One of the American lifestyles is that hard work will lead to success. Americans apply this philosophy to their sports teams, to their careers, and to their children’s generations as well.

In many American schools, elementary school children are assigned to do homework every night for an hour or more. While many Americans believe the notion that practice creates perfection, there is also an argument that children need time to play freely to develop their language skills, control their own behaviors, and learn to take risks. So what does the scientific evidence, real facts say about homework? Why do I have to do my homework? How to do my homework effectively

Messages of homework

In the US there are many systematic assessments of the importance and effectiveness of homework for children, and all nuances of homework. Both the Center for Public Education and the Curriculum Monitoring and Development Association offer comprehensive essays summarizing facts and evidence on homework.

A 2007 analysis, published by Duke University researchers, included 50 separate studies focusing on the specific question: “Do my homework improve my academic achievement or not ”

This study follows an earlier analysis of about 100 studies published by the same researchers in 1989. Both assessments concluded that homework helps improve performance, mostly in junior high and high schools.

For children in elementary schools, the study concludes although homework may help children develop good study habits, it will not improve their grades or standardized test scores.

Based on the evidence, these facts, here are some other interesting “do my homework” messages:

– Students are more likely to complete homework assignments and learn a lot from that when there is a certain purpose. For example, it is considering the essential concepts, improving independence, or giving students the opportunity to explore interesting topics that interest them.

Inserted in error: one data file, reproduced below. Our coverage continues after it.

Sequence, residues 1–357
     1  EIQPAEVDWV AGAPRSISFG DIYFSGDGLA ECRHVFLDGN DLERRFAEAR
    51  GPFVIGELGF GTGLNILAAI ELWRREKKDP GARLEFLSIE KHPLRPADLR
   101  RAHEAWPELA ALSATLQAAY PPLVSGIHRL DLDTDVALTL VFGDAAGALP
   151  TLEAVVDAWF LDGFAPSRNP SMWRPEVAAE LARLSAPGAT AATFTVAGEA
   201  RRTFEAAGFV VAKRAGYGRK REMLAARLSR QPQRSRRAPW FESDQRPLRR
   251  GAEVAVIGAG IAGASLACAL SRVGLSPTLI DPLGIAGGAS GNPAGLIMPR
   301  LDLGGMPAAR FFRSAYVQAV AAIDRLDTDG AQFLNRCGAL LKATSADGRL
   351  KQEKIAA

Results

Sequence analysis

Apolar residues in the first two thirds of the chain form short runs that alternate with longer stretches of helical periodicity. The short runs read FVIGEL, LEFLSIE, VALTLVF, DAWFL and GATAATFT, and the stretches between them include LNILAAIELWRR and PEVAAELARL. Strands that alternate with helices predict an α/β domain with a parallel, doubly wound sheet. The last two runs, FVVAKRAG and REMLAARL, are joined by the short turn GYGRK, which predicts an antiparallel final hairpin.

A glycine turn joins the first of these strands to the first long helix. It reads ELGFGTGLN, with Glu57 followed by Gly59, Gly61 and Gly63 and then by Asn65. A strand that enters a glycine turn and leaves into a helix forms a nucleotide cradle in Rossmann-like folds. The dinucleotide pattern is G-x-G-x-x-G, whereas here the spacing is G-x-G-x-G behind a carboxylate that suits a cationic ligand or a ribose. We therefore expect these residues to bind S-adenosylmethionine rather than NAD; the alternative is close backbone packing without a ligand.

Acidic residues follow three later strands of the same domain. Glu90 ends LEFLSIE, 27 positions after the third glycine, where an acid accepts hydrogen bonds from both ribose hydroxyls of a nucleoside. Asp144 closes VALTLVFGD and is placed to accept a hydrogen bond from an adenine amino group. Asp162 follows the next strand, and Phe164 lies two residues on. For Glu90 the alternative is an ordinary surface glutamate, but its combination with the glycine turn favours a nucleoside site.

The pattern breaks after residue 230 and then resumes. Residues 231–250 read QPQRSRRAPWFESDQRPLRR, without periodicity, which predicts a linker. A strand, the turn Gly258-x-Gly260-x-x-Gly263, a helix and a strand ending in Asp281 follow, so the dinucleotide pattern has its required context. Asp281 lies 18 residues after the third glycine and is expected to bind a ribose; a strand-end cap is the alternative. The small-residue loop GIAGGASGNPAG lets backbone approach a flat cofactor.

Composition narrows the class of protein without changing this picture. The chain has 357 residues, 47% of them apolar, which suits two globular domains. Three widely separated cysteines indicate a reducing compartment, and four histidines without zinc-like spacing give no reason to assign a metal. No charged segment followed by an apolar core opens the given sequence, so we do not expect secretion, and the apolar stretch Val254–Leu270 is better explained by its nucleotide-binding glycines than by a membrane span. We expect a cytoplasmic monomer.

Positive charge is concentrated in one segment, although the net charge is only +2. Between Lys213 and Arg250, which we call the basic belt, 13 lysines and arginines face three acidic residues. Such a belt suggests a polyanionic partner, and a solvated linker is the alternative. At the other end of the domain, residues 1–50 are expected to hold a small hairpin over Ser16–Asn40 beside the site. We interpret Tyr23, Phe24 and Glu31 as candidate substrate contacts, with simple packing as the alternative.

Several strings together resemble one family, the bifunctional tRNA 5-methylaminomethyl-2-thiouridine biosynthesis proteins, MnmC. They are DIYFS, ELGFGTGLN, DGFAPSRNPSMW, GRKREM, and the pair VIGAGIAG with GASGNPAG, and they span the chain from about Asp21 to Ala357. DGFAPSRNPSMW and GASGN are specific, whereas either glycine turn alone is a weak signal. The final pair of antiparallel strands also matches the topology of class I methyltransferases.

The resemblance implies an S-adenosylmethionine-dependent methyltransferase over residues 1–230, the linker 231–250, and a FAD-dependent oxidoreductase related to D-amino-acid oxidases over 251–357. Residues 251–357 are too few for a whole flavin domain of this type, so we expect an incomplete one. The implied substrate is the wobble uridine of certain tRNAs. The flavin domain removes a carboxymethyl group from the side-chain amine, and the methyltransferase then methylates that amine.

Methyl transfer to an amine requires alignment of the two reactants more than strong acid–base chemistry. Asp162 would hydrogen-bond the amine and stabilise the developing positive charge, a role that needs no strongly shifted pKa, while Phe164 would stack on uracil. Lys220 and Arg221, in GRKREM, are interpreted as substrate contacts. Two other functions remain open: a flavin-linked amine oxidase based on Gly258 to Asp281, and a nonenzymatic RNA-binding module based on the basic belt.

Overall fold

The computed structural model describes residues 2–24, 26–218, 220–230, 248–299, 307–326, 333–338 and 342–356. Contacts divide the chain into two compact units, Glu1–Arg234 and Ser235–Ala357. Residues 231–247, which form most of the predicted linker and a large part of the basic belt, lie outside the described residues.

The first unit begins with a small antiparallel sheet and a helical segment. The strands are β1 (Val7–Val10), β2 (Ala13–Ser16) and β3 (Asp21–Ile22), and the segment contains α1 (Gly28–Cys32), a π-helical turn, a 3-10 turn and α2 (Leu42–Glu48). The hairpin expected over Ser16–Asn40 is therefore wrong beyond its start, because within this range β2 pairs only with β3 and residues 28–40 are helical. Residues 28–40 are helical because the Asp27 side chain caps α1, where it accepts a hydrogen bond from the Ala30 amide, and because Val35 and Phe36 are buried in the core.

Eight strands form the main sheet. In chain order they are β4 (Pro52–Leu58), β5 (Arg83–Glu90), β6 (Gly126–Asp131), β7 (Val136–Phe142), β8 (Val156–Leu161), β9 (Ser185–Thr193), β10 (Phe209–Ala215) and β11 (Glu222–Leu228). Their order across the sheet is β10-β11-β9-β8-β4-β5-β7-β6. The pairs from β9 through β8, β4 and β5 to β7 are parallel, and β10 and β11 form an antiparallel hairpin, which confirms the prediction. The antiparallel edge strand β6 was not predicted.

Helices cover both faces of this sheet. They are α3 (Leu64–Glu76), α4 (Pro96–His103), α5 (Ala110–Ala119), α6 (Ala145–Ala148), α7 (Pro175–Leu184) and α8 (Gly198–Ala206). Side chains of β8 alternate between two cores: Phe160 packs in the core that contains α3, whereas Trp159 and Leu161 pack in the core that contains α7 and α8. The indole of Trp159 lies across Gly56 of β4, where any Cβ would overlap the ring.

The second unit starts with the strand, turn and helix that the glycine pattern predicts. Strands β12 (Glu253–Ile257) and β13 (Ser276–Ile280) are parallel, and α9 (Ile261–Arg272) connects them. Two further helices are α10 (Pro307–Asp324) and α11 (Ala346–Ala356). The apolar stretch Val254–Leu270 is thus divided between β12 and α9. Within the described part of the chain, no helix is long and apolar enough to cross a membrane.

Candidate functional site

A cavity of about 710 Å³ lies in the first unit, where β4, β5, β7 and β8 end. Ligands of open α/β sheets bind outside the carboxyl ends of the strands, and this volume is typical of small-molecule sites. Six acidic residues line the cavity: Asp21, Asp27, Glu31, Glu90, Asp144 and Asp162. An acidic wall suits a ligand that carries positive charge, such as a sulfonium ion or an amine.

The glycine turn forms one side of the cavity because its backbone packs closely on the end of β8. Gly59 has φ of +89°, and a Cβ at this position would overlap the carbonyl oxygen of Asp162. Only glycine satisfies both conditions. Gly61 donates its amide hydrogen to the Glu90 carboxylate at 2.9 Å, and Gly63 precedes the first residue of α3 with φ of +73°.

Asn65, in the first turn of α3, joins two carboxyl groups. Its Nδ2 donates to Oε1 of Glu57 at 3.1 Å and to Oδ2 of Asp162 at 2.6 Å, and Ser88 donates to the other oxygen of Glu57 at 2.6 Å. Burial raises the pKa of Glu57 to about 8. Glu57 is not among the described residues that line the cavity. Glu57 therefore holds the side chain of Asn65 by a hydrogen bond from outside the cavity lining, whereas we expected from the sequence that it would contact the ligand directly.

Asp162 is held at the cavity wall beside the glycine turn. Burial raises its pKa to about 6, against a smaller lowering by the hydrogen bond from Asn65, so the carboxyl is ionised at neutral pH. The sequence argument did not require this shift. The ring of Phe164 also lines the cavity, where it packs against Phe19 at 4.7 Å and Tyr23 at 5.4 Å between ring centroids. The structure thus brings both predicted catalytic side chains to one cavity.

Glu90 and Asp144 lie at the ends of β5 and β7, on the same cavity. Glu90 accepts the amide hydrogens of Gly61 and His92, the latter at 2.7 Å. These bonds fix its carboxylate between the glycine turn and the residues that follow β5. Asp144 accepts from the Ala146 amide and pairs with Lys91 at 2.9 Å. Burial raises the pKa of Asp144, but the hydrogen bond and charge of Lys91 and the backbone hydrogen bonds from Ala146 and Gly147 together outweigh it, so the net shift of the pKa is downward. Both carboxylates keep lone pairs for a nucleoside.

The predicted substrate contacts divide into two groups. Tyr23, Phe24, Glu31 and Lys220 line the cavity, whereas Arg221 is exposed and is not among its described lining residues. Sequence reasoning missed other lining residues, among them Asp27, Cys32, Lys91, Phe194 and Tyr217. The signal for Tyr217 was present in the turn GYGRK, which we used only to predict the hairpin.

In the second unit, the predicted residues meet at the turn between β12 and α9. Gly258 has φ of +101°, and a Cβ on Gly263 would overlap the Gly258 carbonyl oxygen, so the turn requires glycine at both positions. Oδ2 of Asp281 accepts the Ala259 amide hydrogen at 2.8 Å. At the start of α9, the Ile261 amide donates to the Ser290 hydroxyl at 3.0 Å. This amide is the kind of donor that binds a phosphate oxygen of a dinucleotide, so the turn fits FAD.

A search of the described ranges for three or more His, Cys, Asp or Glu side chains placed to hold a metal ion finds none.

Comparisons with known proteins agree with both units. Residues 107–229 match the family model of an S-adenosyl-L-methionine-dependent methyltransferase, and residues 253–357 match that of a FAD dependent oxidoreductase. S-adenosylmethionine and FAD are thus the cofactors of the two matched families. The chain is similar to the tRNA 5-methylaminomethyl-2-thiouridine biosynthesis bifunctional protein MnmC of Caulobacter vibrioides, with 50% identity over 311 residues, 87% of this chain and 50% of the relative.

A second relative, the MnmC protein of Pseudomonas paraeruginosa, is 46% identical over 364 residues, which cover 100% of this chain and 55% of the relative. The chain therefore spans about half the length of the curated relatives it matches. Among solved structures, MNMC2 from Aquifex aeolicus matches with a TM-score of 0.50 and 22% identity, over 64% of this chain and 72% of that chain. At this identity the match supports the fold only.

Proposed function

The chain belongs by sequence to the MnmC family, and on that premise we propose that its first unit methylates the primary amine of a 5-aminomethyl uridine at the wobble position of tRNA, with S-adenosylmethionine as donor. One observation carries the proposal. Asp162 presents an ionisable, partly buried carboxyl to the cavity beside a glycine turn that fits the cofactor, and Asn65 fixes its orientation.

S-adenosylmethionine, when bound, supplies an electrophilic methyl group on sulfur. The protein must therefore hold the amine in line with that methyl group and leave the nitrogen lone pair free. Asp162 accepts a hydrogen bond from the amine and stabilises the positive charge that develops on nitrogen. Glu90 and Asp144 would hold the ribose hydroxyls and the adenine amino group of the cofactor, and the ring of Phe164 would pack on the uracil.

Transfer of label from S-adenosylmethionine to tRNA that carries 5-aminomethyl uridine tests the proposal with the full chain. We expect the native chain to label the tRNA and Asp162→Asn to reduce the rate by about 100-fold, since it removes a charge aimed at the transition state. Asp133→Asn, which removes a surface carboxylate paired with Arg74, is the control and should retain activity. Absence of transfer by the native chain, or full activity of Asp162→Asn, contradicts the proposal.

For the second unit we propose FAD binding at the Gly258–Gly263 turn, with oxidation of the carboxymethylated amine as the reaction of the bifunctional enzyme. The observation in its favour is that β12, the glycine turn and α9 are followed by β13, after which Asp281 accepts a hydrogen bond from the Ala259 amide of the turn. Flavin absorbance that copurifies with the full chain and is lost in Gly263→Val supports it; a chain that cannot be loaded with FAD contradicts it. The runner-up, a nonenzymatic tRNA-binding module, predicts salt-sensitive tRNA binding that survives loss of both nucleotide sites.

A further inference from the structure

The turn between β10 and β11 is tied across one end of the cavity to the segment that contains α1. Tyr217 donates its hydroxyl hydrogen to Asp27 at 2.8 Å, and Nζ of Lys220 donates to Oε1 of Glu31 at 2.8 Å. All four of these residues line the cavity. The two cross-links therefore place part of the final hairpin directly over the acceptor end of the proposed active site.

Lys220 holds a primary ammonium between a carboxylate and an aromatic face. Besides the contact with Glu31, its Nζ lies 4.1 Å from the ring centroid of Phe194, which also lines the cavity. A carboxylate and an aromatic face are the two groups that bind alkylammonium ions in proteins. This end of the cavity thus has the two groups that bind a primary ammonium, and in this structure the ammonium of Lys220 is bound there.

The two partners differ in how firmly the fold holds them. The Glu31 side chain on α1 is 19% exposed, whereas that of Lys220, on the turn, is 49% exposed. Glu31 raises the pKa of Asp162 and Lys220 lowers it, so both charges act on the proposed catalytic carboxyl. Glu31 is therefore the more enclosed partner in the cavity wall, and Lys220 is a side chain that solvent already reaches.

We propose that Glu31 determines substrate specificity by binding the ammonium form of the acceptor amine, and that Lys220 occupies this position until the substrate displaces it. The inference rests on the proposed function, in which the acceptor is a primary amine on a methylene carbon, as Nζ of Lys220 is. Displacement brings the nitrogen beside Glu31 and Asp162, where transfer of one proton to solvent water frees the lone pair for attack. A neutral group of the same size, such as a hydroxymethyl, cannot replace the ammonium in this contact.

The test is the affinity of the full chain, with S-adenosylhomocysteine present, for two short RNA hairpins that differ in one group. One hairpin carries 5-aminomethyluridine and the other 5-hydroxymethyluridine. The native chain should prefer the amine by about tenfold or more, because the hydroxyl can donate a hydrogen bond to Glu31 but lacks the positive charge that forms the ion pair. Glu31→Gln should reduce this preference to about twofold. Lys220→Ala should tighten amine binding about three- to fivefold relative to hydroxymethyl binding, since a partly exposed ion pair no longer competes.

– Homework assignments are considered to be the most successful when they are easy enough for students to complete independently, without the need for help from others. But they still have to be challenging so that students feel interesting to do, not too boring to create pressure.

– Find out appropriate ways parents can participate in their child’s homework, which will lead to improved children’s learning.

– Homework provides many academic benefits for students at middle school age. For younger elementary school students, a small amount of homework can help them establish good regular study habits. But too much homework will reduce their time for family activities after school.

– There is clear evidence that homework improves learning for students with learning-related disabilities. The reason is these students benefit from extra time to learn new skills. Then instead of shouting out “do my homework is so boring” they will feel interested in doing it.

What can parents do to support children’s learning?

Especially for students with disabilities, it is important for parents to support their homework. But for younger children (primary school age), this study shows that there are more effective ways parents can support their children’s learning and academic achievement.

A Canadian research organization has published an overview of the best ways parents can support their children academically. Helping your child with homework is not the same as making a list. Here is what parents can do:

– Set reasonable expectations about how your child will perform in school. The best way to do this is to let children understand the beliefs of parents with their potential.

– Talk to your children about their school days. A large-scale study of American students has found that parents talking to their children about school activities and programs will have a greater impact on children’s academic achievement than parents volunteering for homework or supervising, controlling children to do their homework, or limiting their time to watch television.

– Help your child develop positive attitudes and strong work habits and actions.

Above are some tips for students and parents to understand the importance of “do my homework”. In the end, they will not have to scare “how to do my homework” anymore.

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